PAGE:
Melbourne Water is reminding the community of the dangers of using homemade enclosed yabby traps in waterways following the death of a platypus in Millgrove.
The warning comes amid the shocking discovery of a dead platypus and Rakali (water rat) found in a trap at Millgrove along the Yarra River, in the last week of September.
Another empty homemade trap, with chicken wire was found only a few kilometres away at Big Pats Creek in Warburton.
Melbourne Water General Manager of Waterways and Land, Tim Wood, said the finding was devastating and that the nets could trap a number of air breathing animals.
“We’re absolutely devastated to see that one of our most iconic animals continues to perish in these homemade nets,” he said.
“While we know yabby fishing is a popular activity and these incidents are accidental, it’s important that recreational fishers abide by the rules of using these waterways.”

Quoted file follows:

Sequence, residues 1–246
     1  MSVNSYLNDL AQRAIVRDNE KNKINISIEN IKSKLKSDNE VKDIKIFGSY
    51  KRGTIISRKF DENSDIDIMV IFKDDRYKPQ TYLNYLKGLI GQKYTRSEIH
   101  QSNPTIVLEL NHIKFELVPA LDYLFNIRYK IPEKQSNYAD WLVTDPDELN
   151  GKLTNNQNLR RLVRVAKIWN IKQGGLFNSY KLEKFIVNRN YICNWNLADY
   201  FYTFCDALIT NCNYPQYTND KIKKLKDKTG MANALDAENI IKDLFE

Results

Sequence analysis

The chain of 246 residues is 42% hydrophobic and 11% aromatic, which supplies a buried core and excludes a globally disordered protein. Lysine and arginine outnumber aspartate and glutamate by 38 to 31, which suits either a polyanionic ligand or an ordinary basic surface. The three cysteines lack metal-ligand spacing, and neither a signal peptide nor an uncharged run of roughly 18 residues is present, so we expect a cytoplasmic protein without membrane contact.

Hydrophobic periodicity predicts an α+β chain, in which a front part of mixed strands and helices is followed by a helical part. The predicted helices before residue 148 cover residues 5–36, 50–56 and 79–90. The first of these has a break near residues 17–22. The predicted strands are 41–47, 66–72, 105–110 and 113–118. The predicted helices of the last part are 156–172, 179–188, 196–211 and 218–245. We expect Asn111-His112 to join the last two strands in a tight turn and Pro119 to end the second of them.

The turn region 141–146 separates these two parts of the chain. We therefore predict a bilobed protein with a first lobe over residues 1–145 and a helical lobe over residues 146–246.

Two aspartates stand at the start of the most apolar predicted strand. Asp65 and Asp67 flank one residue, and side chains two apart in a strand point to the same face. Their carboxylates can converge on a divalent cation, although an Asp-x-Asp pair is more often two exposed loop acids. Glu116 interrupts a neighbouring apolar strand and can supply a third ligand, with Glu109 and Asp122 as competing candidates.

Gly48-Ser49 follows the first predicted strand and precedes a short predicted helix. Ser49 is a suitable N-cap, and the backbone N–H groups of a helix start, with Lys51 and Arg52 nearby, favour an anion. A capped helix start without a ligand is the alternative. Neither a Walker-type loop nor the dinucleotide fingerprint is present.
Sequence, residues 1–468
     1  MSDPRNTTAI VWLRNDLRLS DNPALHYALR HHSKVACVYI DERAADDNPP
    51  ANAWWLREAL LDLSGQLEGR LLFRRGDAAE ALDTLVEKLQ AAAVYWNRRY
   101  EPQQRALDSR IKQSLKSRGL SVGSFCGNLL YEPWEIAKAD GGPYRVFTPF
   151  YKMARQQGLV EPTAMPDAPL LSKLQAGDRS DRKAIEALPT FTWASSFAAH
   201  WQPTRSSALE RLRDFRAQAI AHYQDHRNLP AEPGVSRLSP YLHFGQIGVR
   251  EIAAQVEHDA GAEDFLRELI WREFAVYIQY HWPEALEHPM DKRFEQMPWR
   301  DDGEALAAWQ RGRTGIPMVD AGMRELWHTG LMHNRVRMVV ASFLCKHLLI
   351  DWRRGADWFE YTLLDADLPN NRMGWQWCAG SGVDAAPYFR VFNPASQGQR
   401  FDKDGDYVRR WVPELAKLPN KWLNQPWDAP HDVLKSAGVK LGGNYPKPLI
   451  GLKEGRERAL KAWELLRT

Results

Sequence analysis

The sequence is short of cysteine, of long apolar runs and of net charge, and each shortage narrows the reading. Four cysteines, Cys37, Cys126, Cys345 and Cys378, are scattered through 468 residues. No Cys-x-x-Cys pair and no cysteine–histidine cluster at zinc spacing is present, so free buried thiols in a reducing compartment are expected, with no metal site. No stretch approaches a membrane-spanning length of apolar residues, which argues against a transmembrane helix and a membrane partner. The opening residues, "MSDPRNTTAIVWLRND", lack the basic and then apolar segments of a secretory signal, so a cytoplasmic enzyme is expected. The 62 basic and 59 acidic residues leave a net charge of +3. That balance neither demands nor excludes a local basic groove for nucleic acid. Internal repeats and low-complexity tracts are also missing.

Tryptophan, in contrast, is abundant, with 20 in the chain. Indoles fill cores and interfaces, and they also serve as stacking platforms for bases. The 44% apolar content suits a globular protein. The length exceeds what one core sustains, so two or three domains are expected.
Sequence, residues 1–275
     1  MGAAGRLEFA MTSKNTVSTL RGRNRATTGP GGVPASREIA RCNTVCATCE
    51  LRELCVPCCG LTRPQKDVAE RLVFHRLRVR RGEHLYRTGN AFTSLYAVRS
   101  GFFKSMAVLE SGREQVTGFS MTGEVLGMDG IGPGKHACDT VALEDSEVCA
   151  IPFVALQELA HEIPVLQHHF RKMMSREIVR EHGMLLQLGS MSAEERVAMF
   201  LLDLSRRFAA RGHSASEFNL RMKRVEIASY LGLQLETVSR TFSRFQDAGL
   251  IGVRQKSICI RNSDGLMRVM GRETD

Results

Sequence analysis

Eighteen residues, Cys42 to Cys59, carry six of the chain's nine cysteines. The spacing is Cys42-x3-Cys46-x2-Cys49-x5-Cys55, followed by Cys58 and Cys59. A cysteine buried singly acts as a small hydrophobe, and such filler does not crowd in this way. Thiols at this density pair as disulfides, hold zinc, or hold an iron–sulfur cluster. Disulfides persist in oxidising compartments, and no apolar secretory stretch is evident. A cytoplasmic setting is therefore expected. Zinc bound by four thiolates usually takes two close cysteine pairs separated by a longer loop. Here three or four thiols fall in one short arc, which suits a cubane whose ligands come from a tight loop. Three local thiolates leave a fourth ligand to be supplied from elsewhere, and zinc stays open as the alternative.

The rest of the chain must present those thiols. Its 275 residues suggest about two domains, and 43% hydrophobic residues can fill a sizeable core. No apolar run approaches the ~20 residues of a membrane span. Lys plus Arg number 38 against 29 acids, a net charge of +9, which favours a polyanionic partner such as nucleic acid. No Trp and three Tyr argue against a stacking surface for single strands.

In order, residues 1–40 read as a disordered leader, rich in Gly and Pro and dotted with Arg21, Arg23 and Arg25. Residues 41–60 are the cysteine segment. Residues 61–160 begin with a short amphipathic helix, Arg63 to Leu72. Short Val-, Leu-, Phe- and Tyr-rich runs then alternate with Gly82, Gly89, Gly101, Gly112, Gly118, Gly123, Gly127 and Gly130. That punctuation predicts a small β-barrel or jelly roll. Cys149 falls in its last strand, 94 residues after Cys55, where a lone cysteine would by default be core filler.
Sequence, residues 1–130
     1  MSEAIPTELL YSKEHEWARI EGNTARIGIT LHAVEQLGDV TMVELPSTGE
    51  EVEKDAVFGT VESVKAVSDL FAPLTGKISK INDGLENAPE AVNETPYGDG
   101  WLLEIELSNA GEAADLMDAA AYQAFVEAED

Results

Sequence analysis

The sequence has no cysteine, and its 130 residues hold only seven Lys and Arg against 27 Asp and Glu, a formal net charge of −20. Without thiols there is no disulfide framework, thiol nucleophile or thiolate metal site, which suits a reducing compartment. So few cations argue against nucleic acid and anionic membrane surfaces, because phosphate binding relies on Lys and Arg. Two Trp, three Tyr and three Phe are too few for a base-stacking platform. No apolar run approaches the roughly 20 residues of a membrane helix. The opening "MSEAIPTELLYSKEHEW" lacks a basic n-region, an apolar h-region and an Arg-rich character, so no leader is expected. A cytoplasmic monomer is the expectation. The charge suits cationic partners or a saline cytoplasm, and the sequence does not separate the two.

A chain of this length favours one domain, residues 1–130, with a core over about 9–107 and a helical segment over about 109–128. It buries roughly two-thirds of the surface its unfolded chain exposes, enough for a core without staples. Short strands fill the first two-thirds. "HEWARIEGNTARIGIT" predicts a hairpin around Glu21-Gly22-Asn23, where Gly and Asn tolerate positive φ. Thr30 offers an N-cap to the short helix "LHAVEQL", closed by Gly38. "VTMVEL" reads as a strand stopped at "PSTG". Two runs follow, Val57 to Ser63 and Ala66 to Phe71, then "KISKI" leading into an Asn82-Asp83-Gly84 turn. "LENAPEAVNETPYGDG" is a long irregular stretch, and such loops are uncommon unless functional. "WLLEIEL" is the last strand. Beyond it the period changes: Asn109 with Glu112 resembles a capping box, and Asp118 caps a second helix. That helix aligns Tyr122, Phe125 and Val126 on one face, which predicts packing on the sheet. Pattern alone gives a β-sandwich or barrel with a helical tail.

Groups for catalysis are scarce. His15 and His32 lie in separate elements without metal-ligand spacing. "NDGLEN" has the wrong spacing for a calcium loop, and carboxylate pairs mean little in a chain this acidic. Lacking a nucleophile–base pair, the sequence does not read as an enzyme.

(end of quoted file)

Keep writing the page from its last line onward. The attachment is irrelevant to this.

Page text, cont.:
Mr Wood said the homemade traps were especially dangerous to wildlife such as platypus, rakali and turtles which couldn’t escape and drown once they enter the device.
“It’s extremely disappointing to find these kinds of traps in local waterways where we know native wildlife is flourishing,” he said.
Members of the community are encouraged to contribute to the effective management and conservation of platypus through the platypusSPOT app.
Mr Wood said understanding the rate and distribution of a species was essential for effective management and conservation.
“Local knowledge is an invaluable source of information and we encourage the community to contribute their own data of platypus sightings in their areas. This information can be used to assess the status of platypuses and contribute to conservation strategies.”
Recreational fishers with opera house nets can also swap there nets for wildlife friendly open-top lift nets for free at any one of 45 tackle stores throughout Victoria.
A ban will be imposed on opera house nets in all waters, both public and private, from 1 July 2019.